Five Medical Practitioners Indicted for Taking Bribes in Exchange for Referring Patients to Medical Imaging Centers Run by Criminal Enterprise

The state grand jury handed up the indictments against the three doctors and one chiropractor this morning. The medical practitioners were accused of taking kickbacks from Rehan Zuberi. Zuberi, 46, of Boonton, pleaded guilty last month to charges that he led a criminal enterprise that paid several million dollars of bribes and kickbacks to dozens of doctors from 2008 to 2014. The plea agreement calls for Zuberi to receive a 10-year state prison sentence with a four-year non-parole eligibility stipulation.

Those indicted today were:

“A doctor’s duty is to his patients’ care and well-being, not to his personal wealth,” said Acting Attorney General Hoffman. “By allegedly selling their medical opinion for kickbacks, the four medical practitioners indicted today have abandoned that duty, thus breaking the law and the trust of those who sought their advice.”

“Since we arrested Rehan Zuberi and his associates last year, our investigation has shined a light into the dark world of kickbacks that has unfortunately been a source of illegal income for some doctors,” said Acting Insurance Fraud Prosecutor Ronald Chillemi. “Our prosecution seeks to reduce the role of greed in medicine and its impact on insurance consumers.”

The charges announced today are merely accusations and the defendants are presumed innocent until proven guilty. Second-degree crimes carry a sentence of five to 10 years in state prison and a criminal fine of up to $150,000, while third-degree crimes carry a sentence of three to five years in state prison and a criminal fine of up to $15,000.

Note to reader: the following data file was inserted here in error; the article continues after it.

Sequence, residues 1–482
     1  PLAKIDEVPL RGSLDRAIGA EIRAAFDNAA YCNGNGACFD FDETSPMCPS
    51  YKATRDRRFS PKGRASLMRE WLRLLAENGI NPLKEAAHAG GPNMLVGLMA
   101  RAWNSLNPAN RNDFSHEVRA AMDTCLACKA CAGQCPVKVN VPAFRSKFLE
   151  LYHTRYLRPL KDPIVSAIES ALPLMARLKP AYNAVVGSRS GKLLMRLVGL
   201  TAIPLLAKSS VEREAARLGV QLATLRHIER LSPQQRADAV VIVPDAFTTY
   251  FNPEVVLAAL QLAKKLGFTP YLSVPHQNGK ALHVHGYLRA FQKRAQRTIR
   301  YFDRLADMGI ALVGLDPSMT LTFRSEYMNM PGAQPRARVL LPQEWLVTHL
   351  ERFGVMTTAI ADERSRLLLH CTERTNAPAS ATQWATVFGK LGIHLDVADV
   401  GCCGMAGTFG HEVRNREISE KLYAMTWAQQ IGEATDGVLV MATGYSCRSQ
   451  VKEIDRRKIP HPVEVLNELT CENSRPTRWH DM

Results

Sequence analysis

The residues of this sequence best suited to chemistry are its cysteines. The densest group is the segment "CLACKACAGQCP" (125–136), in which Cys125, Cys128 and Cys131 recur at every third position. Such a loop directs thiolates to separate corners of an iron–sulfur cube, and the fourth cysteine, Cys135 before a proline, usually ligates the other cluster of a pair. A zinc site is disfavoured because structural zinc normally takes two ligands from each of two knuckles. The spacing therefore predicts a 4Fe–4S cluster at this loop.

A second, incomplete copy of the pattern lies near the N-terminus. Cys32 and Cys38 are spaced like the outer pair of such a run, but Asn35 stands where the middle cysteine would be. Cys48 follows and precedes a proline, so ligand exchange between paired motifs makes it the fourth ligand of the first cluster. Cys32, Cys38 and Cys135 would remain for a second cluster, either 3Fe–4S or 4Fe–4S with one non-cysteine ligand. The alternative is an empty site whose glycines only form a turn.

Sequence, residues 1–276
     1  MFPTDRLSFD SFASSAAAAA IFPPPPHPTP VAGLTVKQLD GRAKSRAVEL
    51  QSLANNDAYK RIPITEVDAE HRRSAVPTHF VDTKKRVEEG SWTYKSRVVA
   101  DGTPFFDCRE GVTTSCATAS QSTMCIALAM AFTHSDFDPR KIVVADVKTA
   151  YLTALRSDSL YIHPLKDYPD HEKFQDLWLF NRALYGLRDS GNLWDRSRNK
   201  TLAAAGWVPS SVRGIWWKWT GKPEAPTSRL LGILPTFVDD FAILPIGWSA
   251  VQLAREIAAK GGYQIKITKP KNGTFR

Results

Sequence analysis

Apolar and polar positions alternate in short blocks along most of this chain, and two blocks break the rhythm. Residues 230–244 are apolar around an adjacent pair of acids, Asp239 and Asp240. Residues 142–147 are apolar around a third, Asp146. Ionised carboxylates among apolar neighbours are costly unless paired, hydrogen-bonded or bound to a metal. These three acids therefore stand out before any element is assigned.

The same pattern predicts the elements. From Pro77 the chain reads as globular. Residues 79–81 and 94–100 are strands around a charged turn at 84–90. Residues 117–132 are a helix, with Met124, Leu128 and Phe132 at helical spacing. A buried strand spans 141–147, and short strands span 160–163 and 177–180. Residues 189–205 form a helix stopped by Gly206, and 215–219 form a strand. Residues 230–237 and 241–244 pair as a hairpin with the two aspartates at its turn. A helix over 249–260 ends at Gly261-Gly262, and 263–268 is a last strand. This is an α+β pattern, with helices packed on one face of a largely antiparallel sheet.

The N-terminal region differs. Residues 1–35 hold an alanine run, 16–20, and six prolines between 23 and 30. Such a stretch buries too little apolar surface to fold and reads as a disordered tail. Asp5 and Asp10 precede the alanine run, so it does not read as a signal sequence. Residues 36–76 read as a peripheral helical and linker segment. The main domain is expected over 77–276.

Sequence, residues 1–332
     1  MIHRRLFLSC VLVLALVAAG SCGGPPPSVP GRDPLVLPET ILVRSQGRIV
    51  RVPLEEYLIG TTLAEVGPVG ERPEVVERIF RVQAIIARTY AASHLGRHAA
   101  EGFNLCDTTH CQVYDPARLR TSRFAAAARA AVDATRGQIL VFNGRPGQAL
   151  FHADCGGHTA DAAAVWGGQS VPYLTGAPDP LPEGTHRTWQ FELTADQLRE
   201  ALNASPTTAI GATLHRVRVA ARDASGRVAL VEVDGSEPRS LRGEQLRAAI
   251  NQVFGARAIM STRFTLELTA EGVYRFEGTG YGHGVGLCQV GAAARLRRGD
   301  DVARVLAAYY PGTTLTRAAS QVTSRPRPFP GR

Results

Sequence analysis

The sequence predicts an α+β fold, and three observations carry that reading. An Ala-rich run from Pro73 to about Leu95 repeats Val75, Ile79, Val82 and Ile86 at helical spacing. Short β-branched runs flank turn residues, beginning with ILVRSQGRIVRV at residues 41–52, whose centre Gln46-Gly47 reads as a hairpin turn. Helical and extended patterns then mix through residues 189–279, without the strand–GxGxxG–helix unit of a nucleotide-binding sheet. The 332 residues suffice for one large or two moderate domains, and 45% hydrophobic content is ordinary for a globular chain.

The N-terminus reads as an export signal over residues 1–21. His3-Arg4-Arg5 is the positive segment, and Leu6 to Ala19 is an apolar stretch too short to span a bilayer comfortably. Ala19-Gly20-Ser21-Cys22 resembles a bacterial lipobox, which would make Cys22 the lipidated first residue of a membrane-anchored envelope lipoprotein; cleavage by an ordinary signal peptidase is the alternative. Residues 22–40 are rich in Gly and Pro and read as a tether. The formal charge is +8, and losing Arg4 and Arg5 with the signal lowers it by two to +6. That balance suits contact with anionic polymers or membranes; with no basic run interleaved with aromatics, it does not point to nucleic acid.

Medicaid Fraud Control Unit Chief Deputy Attorney General Peter Sepulveda and Deputy Attorney General Crystal Callahan presented the cases to the grand jury. Detective Anthony Correll coordinated the investigation with assistance from Detectives Jason Volpe, Yevgeny Gershman and Kevin Gannon. They worked closely with Special Agent William Makar from the Division of Taxation. Analyst Terri Drumm of the Office of the Insurance Fraud Prosecutor assisted in the investigation.

Acting Insurance Fraud Prosecutor Chillemi noted that important cases have started with anonymous tips. People who are concerned about insurance cheating and have information about a fraud can report it anonymously by calling the toll-free hotline at 1-877-55-FRAUD, or visiting the Web site at State regulations permit a reward to be paid to an eligible person who provides information that leads to an arrest, prosecution and conviction for insurance fraud.


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